This pipe organ desk, created by artist and woodworker Kagen Sound, is made entirely from solid wood down to the last screw. It features an octave of functional wooden organ pipes. If the correct sequence of notes or tune is played, a secret compartment opens up.
When you push in a drawer, air is directed to one of the organ pipes at the front of the desk, sounding a note. Some of the air is also directed into a pneumatic memory board. The memory board within the desk actually keeps track of the notes played and work on the same pricipal that computers store memory. In this case it remembers the notes played. When it picks up the correct tune it triggers a pendulum which opens a secret compartment.
The memory board, can be reprogrammed to read a different song. It is powered entirely by air flow from the drawers, and it is made entirely from solid wood. Also, hidden in the desk are over 20 other puzzles and secret compartments storing clues and scraps of information for anyone on a quest to play the correct song. A wooden inlayed score of music must be assembled if you are to know the song.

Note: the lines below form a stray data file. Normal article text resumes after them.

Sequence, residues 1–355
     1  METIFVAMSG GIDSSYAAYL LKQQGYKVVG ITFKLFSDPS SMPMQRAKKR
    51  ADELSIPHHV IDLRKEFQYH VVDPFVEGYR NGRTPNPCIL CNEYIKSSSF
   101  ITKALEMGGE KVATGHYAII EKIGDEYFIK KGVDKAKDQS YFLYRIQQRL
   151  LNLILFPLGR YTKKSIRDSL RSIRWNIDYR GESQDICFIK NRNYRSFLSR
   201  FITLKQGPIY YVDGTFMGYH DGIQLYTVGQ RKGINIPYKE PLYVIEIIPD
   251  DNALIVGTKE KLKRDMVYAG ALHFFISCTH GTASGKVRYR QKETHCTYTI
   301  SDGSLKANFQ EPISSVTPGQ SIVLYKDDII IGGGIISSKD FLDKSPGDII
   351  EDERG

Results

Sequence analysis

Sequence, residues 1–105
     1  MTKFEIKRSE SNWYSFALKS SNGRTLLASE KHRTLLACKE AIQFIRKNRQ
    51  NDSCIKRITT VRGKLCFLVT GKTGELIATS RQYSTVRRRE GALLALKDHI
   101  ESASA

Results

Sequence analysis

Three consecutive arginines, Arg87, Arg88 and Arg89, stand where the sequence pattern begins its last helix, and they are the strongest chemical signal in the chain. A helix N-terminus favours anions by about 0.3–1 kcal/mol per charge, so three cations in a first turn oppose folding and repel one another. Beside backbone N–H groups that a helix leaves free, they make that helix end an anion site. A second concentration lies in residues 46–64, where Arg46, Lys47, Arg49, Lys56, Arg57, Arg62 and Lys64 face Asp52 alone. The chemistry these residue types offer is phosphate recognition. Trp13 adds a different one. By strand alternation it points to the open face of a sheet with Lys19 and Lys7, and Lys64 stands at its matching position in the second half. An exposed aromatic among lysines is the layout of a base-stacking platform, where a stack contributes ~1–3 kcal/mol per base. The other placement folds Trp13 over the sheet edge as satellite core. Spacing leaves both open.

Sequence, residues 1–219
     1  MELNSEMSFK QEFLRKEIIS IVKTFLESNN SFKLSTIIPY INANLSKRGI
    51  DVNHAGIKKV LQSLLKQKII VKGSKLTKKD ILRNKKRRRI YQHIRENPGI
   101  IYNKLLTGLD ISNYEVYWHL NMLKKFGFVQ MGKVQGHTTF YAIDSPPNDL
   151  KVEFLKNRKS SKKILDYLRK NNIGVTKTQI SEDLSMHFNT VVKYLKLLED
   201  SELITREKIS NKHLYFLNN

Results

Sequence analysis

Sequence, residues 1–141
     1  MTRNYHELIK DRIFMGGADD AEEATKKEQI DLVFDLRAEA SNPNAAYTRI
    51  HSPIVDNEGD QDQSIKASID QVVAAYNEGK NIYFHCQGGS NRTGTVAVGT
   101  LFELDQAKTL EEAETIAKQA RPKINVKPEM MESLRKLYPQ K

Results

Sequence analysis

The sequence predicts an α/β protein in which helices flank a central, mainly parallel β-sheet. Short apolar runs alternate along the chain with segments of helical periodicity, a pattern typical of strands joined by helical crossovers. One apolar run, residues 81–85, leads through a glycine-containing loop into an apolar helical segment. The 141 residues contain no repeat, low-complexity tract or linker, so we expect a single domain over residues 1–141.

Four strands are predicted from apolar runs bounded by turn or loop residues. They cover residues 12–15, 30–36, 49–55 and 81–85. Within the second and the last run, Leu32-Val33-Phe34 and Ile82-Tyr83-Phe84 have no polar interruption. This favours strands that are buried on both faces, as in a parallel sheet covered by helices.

One of Sound's prized pieces on his website sells for $45,000. Called Cubit, it is made of the following materials: bloodwood, holly, walnut, pau armarello, purpleheart, red grandis, wenge, poplar, paduk and oak. Finished in shellac and resin, the piece has over 59,000 tiny cubes of wood.
Sound (formerly Kagen Schaefer) has been designing and making secret opening boxes for 12 years. He is acknowledged by the Karakuri Creation Group in Japan, a guild of secret opening box makers, as a master box maker, and has received many awards for his designs from the international NobYoshigahara Puzzle Design Competition.
Sound attended Colorado College and received a Bachelor of Arts in Mathematics, with honors, in 2000. Find out more about his work at kagensound.com.
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